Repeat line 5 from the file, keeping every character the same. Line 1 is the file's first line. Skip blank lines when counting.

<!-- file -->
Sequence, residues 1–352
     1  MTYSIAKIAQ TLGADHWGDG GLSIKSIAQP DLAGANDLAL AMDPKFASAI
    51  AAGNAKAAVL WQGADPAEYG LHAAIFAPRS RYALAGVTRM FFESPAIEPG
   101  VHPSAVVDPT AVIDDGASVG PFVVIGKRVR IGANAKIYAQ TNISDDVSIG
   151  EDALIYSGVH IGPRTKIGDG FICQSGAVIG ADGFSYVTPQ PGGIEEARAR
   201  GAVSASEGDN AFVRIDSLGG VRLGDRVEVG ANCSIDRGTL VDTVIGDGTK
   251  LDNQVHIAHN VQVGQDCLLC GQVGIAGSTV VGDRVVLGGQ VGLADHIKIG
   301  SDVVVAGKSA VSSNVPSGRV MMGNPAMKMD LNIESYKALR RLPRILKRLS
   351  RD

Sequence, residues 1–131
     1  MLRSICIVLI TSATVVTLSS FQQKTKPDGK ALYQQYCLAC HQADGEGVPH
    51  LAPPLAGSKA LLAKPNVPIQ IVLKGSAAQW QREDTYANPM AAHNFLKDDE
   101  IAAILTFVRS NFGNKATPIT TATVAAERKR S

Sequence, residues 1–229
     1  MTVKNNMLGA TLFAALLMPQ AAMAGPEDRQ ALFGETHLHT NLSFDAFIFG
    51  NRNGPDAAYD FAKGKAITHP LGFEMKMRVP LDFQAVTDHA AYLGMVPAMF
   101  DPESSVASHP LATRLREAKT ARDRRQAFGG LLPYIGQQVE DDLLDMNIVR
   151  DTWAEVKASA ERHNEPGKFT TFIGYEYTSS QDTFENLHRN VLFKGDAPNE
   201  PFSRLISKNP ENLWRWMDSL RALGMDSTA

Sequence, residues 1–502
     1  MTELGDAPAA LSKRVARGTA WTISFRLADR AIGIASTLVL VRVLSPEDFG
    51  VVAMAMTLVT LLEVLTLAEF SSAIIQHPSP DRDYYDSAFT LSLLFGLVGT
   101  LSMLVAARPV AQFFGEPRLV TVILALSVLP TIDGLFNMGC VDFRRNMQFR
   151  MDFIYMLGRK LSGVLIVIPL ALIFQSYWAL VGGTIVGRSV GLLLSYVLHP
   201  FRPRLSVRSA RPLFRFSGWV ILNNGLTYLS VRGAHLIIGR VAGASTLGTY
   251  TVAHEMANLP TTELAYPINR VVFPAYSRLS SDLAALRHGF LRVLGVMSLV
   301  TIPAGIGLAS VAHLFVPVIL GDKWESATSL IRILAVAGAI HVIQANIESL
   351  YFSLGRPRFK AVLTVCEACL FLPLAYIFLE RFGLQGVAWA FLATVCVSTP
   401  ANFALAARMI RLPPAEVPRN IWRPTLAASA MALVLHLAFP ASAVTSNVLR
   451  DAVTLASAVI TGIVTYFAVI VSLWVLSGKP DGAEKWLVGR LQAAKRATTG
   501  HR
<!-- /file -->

   151  EDALIYSGVH IGPRTKIGDG FICQSGAVIG ADGFSYVTPQ PGGIEEARAR